Published on March 4, 2014
ICD-10: Get ready for the big change © CureMD Healthcare
Transition to ICD-10 • The transition to ICD-10 virtually impacts every member of the healthcare continuum including providers, payers and health IT vendors • Amongst these, providers have the most to lose • If claims are not submitted correctly, providers will not be paid and with just a few months until ICD-10 comes into effect on October 1, 2014, a provider’s ultimate goal should only be planning and training
Preparing for ICD-10 • Why so complicated? – ICD-10 greatly increases the specificity of diagnostic codes. The number of outpatient diagnostic codes will increase by almost 44,000 – a fivefold addition – For healthcare organizations, shifting to the new system will require training for coders, billers, and providers in the documentation requirements, as well as changes to existing billing software or potentially upgrading it • Seize the opportunity – Providers need to accept ICD-10 as an opportunity to ensure better care with more elaborate documentation, rather than get frustrated by the large number of codes
Preparing for ICD-10 • Boosting reimbursements – One way to reduce the financial impact of the transition is to have an external chart reviewer analyze your documentation process now and determine what changes you may need to ensure compliance with ICD-10 • Name a point person – An important first step is to name a “point person” to lead the transition. The practice manager or chief coder may be the ideal person for this job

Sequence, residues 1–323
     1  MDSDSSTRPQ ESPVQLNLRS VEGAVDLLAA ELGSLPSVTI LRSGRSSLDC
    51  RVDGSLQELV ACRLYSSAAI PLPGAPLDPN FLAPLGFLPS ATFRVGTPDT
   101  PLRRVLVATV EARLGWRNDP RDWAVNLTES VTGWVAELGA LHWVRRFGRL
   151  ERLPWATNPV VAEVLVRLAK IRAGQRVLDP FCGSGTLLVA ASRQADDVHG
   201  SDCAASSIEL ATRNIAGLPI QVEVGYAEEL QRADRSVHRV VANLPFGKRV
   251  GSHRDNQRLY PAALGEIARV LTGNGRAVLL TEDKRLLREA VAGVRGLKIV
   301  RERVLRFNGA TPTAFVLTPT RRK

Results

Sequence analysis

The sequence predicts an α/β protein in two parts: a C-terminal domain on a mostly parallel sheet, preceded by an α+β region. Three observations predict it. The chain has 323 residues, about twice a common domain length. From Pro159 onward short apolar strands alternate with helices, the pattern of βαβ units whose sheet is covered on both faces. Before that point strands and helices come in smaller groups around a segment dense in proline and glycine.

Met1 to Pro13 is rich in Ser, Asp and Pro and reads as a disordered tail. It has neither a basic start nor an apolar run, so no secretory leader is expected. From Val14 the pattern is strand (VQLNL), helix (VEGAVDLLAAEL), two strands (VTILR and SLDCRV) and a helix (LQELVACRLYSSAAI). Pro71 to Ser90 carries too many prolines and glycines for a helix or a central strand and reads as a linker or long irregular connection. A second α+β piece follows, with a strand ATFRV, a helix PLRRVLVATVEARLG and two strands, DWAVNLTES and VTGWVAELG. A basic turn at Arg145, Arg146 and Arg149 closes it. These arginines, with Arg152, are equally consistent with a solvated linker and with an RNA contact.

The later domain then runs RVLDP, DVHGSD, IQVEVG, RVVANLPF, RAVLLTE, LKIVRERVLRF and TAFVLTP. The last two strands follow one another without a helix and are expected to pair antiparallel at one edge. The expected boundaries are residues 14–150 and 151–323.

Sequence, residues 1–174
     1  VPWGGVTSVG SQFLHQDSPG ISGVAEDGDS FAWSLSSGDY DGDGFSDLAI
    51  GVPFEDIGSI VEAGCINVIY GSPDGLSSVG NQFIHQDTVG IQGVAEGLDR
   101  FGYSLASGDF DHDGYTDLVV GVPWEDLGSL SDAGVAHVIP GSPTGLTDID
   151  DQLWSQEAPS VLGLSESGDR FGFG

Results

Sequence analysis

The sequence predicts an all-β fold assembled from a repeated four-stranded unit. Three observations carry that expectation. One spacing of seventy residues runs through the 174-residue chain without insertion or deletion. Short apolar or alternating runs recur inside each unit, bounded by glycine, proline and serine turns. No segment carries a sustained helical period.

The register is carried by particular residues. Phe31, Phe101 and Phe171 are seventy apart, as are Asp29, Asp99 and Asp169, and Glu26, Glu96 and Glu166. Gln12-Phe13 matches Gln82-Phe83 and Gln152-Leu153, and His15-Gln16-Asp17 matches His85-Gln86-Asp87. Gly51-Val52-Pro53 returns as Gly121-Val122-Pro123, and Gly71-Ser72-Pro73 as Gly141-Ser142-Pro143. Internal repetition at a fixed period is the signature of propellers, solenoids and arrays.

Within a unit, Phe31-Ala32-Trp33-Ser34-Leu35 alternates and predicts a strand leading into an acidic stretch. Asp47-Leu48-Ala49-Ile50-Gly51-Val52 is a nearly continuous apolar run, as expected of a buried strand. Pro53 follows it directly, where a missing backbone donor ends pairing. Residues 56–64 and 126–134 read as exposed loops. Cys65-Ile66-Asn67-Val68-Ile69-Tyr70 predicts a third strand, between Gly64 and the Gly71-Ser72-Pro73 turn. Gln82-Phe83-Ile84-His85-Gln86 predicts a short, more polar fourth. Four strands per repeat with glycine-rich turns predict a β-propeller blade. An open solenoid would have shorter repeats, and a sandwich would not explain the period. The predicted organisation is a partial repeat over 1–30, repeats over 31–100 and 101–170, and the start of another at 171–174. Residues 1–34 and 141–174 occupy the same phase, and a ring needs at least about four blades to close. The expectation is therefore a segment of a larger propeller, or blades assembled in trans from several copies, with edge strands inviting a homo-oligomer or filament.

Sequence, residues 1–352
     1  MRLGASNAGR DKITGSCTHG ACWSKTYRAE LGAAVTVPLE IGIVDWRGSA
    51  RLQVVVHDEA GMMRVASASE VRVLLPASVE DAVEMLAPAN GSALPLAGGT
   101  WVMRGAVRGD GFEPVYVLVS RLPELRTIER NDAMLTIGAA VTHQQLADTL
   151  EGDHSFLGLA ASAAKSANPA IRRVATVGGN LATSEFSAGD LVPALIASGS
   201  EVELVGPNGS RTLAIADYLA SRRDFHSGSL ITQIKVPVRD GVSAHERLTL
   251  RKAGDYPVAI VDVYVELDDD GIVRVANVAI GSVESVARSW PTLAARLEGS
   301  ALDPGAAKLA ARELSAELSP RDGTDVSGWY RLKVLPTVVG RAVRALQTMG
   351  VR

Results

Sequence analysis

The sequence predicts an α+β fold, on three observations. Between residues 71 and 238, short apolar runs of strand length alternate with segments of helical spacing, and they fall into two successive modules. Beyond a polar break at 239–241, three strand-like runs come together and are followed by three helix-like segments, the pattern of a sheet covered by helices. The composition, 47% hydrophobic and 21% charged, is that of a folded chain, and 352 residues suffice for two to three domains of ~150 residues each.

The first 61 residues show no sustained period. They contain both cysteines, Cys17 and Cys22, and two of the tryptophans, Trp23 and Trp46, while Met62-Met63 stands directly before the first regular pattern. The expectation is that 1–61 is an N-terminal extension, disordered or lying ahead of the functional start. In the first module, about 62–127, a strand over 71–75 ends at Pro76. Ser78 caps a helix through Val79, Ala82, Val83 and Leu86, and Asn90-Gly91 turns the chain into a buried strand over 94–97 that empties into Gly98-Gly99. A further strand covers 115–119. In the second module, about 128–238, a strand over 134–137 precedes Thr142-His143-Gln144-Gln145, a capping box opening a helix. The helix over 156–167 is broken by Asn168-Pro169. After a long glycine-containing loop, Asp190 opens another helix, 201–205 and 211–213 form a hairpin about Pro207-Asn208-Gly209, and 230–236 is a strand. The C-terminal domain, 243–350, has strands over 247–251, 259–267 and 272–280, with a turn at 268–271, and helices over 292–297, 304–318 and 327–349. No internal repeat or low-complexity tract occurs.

Preparing for ICD-10 • Work with your health IT vendor – EHR vendors are aware of the conversion deadline and should already be working to update their software to conform to ICD-10. The need for timely communication between vendors and practices is pivotal • Implementation cost – Most researchers suggest the implementation cost for small (one to two providers) to medium (five to ten providers) practices will range from $80,000 to $300,000 based on their requirements
Preparing for ICD-10 • Training – There are many options available for staff training, but vendors are the best place to start. Practices should consider sending an experienced coder for specialized training, while other staff members can get up to speed with less-expensive online resources. • Finally, start testing – The only way to know if you are ready is to run some tests with ICD-10 data. You can submit test claims now if the clearinghouse or payer(s) participates. Double coding a small subset of your charts now will show you where your problems are
Read more on blog.curemd.com • To read more on this topic, visit: • http://blog.curemd.com/icd-10-get-ready-for-thebig-change/
Thank you! CureMD Healthcare 55 Broad Street, New York, NY 10004 Ph: 212.509.6200 www.curemd.com
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